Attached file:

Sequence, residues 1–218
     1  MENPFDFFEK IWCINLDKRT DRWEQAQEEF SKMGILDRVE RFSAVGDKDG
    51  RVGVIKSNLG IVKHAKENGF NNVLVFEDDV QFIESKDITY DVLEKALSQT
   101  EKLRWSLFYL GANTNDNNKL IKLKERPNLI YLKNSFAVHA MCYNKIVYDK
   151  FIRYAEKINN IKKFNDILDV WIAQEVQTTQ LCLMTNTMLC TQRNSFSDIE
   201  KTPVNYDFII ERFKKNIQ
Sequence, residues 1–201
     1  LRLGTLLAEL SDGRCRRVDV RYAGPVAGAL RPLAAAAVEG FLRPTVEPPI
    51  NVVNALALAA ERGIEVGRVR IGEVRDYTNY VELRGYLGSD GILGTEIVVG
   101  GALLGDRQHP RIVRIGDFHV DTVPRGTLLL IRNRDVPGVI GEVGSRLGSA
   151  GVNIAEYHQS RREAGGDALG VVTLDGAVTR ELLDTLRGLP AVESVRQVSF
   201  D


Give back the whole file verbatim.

Sequence, residues 1–218
     1  MENPFDFFEK IWCINLDKRT DRWEQAQEEF SKMGILDRVE RFSAVGDKDG
    51  RVGVIKSNLG IVKHAKENGF NNVLVFEDDV QFIESKDITY DVLEKALSQT
   101  EKLRWSLFYL GANTNDNNKL IKLKERPNLI YLKNSFAVHA MCYNKIVYDK
   151  FIRYAEKINN IKKFNDILDV WIAQEVQTTQ LCLMTNTMLC TQRNSFSDIE
   201  KTPVNYDFII ERFKKNIQ
Sequence, residues 1–201
     1  LRLGTLLAEL SDGRCRRVDV RYAGPVAGAL RPLAAAAVEG FLRPTVEPPI
    51  NVVNALALAA ERGIEVGRVR IGEVRDYTNY VELRGYLGSD GILGTEIVVG
   101  GALLGDRQHP RIVRIGDFHV DTVPRGTLLL IRNRDVPGVI GEVGSRLGSA
   151  GVNIAEYHQS RREAGGDALG VVTLDGAVTR ELLDTLRGLP AVESVRQVSF
   201  D